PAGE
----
The library is called PyESN.

In order to install this library, you must clone the repository and put the pyESN.

py file in your current Jupyter Notebook folder.

Then when you are in the Python 3 notebook you can simply called import pyESN .

Overview for the pyESN library for the RC implementationYou call the RC as:For a brief explanation of the parameters:n_inputs: number of input dimensionsn_outputs: number of output dimensionsn_reservoir: number of reservoir neuronsranodom_state: seed for the random generatorsparsity: the proportion of recurrent weights set to zerospectral_radius: spectral radius of the recurrent weight matrixnoise: noise added to each neuron (regularization)Predicting Amazon Stock PricesI will now go over an example of using echo state networks to predict future Amazon stock prices.

First, we import all of the necessary libraries and also import out data (which in this case was scraped from the internet).

We then use the ESN from the pyESN library to employ an RC network.

The task here is to predict two days ahead by using the previous 1500 points and do that for 100 future points (check the figure below).

So, in the end you will have a 100 time step prediction with prediction-window = 2.

We will use this as the validation set.

First, we create our echo state network implementation using some reasonable values and specify our training and validation length.

We then create functions to calculate the mean squared error as well as the run an echo state network for specific input arguments of the spectral radius, noise, and the window length.

Now we can simply run one function and obtain our prediction, and then we can plot this to see how well we did.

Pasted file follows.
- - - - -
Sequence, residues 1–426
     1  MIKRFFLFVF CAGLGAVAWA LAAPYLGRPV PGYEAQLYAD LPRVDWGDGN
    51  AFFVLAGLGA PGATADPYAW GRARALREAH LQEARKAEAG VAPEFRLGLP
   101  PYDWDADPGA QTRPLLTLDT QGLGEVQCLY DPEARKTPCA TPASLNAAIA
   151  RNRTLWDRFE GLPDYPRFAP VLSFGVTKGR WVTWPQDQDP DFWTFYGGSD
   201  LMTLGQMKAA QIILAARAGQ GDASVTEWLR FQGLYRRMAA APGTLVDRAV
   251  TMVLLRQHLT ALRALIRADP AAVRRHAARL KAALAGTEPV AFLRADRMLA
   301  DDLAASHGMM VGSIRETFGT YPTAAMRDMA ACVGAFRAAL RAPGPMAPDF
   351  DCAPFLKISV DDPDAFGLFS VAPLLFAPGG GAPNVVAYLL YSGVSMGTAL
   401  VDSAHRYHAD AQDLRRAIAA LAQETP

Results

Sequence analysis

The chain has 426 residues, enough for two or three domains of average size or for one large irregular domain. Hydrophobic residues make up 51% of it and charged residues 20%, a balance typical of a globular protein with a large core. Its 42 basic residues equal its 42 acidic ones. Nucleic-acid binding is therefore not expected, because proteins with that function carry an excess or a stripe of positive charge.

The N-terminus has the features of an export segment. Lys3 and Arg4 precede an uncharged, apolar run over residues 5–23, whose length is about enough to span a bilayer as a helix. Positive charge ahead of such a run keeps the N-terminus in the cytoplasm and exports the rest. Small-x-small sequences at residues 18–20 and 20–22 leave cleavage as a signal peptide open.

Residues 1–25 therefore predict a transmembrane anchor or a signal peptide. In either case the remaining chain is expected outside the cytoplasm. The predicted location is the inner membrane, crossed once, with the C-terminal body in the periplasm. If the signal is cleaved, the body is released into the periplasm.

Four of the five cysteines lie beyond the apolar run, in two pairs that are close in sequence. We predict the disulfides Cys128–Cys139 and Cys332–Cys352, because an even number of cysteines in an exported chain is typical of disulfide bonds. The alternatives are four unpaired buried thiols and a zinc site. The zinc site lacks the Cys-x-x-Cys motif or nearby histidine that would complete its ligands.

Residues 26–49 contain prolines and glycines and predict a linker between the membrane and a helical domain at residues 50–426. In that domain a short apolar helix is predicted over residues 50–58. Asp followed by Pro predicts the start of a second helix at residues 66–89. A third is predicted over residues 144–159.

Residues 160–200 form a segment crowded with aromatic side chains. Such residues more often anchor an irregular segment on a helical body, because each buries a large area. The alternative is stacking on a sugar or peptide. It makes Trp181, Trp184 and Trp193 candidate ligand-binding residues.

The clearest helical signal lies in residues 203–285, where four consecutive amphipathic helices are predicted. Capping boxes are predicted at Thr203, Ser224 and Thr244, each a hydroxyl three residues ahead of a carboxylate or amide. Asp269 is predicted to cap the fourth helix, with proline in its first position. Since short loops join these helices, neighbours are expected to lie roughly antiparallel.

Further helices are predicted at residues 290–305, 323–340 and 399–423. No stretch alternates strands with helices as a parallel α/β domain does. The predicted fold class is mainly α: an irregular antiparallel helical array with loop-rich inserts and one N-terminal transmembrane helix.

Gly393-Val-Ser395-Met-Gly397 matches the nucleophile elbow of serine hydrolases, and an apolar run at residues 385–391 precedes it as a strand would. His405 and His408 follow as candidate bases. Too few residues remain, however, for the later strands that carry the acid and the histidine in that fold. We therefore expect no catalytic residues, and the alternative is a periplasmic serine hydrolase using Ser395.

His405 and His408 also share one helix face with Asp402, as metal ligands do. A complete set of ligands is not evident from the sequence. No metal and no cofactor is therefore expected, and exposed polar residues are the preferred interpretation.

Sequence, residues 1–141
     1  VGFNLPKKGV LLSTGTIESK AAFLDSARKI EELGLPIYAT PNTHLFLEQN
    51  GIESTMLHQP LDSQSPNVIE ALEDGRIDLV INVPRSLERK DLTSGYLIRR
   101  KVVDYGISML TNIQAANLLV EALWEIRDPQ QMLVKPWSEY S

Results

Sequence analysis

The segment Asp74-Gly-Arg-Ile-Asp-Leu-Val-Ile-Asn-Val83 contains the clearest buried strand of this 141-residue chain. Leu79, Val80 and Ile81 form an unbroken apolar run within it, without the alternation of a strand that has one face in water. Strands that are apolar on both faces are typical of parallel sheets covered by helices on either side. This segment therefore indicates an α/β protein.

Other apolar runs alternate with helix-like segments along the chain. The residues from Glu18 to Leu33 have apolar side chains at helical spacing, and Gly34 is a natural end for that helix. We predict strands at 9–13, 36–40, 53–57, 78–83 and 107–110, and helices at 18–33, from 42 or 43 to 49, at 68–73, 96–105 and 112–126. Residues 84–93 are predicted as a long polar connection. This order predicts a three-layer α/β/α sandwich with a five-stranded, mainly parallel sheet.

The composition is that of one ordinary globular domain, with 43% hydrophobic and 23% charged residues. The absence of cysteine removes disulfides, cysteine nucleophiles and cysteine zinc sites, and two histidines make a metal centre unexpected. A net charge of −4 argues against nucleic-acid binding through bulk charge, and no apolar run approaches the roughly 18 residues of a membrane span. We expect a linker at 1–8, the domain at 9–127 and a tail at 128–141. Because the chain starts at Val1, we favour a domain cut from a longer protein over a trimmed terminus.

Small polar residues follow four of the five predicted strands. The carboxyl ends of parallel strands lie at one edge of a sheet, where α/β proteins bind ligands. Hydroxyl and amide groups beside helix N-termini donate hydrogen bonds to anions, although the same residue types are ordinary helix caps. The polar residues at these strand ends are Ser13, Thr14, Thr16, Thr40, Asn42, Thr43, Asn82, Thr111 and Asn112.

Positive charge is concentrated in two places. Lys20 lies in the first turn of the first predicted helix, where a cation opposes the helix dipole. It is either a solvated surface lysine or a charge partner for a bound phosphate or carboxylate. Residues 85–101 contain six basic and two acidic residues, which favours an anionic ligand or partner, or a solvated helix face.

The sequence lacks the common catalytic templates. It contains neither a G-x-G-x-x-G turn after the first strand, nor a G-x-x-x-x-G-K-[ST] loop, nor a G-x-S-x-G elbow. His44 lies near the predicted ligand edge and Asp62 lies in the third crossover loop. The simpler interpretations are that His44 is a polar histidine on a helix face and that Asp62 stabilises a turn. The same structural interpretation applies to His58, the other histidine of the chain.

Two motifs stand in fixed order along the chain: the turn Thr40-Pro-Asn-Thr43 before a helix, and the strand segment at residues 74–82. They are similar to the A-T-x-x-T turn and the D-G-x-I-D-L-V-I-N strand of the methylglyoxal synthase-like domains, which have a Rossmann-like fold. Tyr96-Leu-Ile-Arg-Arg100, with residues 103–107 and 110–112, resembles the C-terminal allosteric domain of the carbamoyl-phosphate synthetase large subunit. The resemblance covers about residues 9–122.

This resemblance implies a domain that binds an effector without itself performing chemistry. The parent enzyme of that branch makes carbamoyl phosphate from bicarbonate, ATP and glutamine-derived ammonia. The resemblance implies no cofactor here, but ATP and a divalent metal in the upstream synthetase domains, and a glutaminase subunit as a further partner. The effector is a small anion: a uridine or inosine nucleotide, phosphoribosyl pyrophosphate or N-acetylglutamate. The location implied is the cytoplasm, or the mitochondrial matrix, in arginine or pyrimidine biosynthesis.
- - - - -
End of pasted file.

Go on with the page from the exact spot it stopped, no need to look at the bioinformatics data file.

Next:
The above code produces the following plot.

And if we zoom in on this plot, we can see just how impressive this prediction actually is.

Not bad right?.The only caveat is that it seems to work well for short time periods (on the order of 1 or two days) with reasonable accuracy, but the errors become increasingly large as that estimate is extrapolated further.

The above model was made with a prediction window of two days, meaning that we are only ever predicting 2 days into the future at any given time.

We can illustrate this by increasing the window length.

For a window length of 10 days, the prediction is still surprisingly accurate, although it is noticeably noisier than the two-day prediction window.

The error caused by extrapolating can be reduced by selecting appropriate hyperparameters for the given problem.

This is entirely task-dependent and must be done by iteratively testing on the validation set to find the optimal subset of hyperparameters.

Fortunately, due to the smaller number of weights required to train ESNs, this does not take as long as for a traditional RNN.

Final WordThe ability of the echo state network to analyze chaotic time series makes it an interesting tool for financial forecasting where the data is highly nonlinear and chaotic.

But, we can do more with these networks than predict the stock market.

We can also:Forecast the weatherControl complex dynamical systemsPerform pattern recognitionExpect to hear a lot more about these kinds of networks in the future, especially as people move into the development of DeepESN models which are able to work in a much higher dimensional latent space with temporal features that are able to tackle some of the most difficult time series problems.

If you are interested in these networks, there are more articles and research papers discussing these this that are freely accessible.

Echo state network — ScholarpediaEcho state networks (ESN) provide an architecture and supervised learning principle for recurrent neural networks…www.

scholarpedia.

orgDeep Echo State Network (DeepESN): A Brief SurveyThe study of deep recurrent neural networks (RNNs) and, in particular, of deep Reservoir Computing (RC) is gaining an…arxiv.

org.